Well, well, well. So you’re saying there’s a chance? My father wasn’t thrilled, to say the least. As we drove home from the test he looked at me and said: “I think you should be an investment banker.” Ya, me the solid “D-” math student, that sounds perfect I thought. All I could think about was framing the world through my camera. My father, undeterred, put a small amount of money in an account, turned the account over to me and saidI’m going to teach you to invest.”  

I responded “Okay great, sounds cool, awesome,” then eyed just how much was in the account. Why? Did I already have an investment strategy? Why yes I did, thank you for asking. I promptly withdrew all funds, got a ride to The Camera Exchange in San Antonio Texas and bought a Leica M4P and 28mm. Dad was pissed but he also knew I wasn’t playing games. I needed the camera like I needed the air I’m breathing now.

Over the course of the next few years I found myself on a merchant marine ship where I watched a real photographer work for the first time. I’d never seen anyone move that way. I studied this guy and began to realize he was moving based on light, something that hadn’t dawned on me yet. I was locked on content, not on light, but just watching this man work was enough for me to realize I didn’t know what I was doing. I got off the ship and began to search for a place to study this field of photography. I carried my camera everywhere. Due to a superstorm of bad decisions, accidents and poor record keeping I ended up stuck at a community college for one semester. Unbeknownst me to, this particular school had the best journalism program of any community college in the United States. And guess what was part of the journalism program? PHOTOJOURNALISM.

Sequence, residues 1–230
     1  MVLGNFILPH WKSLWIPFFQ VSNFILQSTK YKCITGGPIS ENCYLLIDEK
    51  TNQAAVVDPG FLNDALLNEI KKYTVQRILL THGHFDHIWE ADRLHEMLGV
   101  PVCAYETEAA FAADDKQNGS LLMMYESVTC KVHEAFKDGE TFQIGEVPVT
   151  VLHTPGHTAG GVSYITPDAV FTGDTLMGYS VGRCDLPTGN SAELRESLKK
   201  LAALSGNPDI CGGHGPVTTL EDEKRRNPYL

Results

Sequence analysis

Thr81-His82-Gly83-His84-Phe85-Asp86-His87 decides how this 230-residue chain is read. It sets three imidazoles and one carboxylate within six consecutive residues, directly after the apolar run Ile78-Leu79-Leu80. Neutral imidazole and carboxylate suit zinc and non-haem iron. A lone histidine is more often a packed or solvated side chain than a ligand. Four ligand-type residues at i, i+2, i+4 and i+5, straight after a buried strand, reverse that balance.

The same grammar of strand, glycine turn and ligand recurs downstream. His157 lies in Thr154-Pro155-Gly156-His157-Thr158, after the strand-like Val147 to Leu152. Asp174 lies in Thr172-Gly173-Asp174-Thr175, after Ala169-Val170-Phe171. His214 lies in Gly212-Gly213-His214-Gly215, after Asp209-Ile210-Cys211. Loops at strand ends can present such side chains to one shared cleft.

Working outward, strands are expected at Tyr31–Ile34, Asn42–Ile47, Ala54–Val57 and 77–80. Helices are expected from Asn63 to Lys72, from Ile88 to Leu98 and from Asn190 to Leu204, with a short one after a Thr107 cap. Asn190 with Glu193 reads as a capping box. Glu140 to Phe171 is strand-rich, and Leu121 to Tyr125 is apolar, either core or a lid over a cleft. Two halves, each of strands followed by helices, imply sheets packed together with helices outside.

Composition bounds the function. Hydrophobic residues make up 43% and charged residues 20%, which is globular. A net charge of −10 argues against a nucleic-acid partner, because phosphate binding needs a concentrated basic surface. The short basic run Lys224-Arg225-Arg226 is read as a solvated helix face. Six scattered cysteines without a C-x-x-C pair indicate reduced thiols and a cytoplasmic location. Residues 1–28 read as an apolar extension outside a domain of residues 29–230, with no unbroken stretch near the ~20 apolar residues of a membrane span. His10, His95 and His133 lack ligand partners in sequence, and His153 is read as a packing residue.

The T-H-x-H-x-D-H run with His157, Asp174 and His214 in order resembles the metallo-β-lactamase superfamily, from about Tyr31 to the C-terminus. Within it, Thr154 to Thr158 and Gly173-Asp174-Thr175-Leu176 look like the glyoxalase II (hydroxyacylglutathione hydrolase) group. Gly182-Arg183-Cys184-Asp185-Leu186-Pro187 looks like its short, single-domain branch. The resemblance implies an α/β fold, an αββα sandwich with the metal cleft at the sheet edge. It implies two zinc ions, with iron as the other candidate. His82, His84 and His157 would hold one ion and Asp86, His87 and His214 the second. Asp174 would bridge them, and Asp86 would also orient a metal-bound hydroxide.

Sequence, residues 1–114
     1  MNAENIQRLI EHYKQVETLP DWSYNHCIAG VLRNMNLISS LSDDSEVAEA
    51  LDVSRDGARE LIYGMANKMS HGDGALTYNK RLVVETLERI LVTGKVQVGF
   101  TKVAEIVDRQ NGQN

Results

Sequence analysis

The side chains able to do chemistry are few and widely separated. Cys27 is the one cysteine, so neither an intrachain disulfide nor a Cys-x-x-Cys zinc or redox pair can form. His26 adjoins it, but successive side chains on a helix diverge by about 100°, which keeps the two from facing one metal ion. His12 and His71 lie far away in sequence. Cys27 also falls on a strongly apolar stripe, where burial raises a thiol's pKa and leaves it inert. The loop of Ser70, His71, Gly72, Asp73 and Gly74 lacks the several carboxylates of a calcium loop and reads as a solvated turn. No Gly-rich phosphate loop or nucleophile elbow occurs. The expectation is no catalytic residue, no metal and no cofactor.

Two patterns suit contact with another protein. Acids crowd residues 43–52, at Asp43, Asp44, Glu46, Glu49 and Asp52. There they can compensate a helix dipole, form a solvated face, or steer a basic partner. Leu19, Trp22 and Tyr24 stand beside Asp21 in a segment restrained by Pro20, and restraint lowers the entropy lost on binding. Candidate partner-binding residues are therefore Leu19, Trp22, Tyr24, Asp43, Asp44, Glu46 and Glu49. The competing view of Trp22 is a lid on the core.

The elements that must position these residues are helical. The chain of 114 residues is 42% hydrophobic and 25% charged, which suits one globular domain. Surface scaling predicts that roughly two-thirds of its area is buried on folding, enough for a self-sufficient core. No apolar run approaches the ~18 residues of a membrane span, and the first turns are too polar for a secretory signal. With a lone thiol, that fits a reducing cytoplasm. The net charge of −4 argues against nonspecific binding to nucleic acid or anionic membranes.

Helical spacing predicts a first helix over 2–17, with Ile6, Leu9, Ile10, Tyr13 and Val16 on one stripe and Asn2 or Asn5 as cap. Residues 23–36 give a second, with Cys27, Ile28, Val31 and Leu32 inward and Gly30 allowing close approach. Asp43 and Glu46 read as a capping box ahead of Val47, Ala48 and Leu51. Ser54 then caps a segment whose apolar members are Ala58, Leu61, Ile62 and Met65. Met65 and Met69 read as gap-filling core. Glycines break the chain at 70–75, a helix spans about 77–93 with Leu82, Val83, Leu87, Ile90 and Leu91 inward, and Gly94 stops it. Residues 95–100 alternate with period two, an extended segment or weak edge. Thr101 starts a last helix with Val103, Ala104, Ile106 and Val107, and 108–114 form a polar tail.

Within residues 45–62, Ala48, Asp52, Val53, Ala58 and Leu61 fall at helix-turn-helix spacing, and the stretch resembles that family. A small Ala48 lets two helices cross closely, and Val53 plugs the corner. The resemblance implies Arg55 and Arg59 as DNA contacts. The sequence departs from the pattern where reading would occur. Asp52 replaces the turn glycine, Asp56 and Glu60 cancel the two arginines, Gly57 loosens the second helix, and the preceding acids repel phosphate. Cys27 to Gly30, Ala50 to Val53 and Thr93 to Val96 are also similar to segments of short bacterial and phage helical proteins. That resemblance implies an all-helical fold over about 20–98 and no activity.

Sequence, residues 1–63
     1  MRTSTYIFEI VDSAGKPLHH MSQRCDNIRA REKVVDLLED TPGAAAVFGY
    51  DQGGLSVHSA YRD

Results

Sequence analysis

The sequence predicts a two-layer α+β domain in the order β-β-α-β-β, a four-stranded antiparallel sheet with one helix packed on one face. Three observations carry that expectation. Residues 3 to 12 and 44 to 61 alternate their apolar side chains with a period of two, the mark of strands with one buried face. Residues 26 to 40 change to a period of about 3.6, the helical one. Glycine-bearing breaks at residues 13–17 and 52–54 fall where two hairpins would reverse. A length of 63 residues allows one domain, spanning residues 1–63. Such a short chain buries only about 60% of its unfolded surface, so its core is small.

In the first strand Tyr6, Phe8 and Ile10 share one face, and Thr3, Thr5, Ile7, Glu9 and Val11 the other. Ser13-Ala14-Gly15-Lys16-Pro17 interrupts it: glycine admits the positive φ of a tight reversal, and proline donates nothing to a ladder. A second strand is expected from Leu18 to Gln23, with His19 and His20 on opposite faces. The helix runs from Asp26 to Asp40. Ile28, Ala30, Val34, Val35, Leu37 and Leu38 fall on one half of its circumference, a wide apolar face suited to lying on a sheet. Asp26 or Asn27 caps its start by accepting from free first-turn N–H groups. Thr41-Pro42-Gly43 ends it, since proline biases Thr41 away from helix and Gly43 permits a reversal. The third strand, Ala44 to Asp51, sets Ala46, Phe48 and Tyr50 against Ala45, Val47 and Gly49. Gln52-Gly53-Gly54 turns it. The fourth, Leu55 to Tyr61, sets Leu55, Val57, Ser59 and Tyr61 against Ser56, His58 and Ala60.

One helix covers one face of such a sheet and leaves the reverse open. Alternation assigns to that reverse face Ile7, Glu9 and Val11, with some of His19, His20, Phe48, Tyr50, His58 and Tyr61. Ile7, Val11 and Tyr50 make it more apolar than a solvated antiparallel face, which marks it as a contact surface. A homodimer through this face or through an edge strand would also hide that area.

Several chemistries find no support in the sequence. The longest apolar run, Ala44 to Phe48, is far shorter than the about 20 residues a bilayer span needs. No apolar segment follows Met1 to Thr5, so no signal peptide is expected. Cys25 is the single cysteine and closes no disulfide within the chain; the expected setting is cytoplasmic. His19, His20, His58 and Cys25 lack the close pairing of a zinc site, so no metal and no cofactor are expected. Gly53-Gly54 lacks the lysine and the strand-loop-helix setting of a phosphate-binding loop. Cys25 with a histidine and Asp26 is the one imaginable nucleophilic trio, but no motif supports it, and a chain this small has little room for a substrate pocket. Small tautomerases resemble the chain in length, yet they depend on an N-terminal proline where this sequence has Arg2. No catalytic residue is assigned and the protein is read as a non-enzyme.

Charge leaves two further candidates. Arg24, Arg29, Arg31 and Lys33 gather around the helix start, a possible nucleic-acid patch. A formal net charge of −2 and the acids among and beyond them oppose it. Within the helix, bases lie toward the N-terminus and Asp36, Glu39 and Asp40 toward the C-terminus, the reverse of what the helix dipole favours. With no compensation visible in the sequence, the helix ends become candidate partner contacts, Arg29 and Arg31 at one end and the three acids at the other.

This was the real deal. No nonsense, “you better get your shit together” paper. The staff was seasoned. It was like Taylor showing up to Vietnam and going out with the Platoon for the first time. The new guys didn’t count. I was given a camera, lens and an assignment the first moment I walked into the building. I was also pulled aside and given the facts of the matter. Don’t fuck around. This is serious. You are a journalist. We have ethics. We are responsible for the truth. You make a mistake and you are gone. You are on deadline and you DON’T MISS DEADLINE.

The first assignment I ever had was a bomb threat. Building on campus empty. Students all standing in the parking lot. And I show up and walk right inside. The press pass on my chest acting as my shield. And suddenly the adults around me began to part. Firefighters, school admins, faculty GOT OUT OF MY WAY. I knew I was home. Not in the building about to explode. I was at home in photojournalism. I was bred to do this. A curse of all curses. The need to record. Simple as that.

I ended up transferring to The University of Texas where I got a degree in photojournalism with minors in Spanish and Anthropology. School was great, but perhaps not in the ways you might think. First, I made a few friends. A few. I’m not super social, but I did meet some folks I still know and folks I still respect. I learned how to talk about my work, and how to talk about the work of others. Perhaps most importantly I learned the history of my field. I learned what had already been done, by whom, and what the impact had been. Looking back on this time it feels like pure crazy. There was NO reward for us. We never spoke of fame, finance or a personal gain of any kind. None of us thought we would ever make a living with photography but most of us were cursed with the knowledge that this painful reality didn’t matter. We were gonna be photographers anyway.

The technical side of being a photojournalist isn’t interesting nor does it make much difference one way or the other. We were all working with the same stuff back then. Nikons and TRI-X for the most part. There was very little time spent on the technical side. Very little. We were given assignments and tested to see if we could handle basic timelines. Some could, some couldn’t. We learned to edit and edit again and again and again. We learned to print, to sequence and how to deliver our work. And we had to present our work to the entire class. We learned how it feels to be doubted, disparaged, disrespected and destroyed. And then we learned how to reload and take down another visual score. It was grand.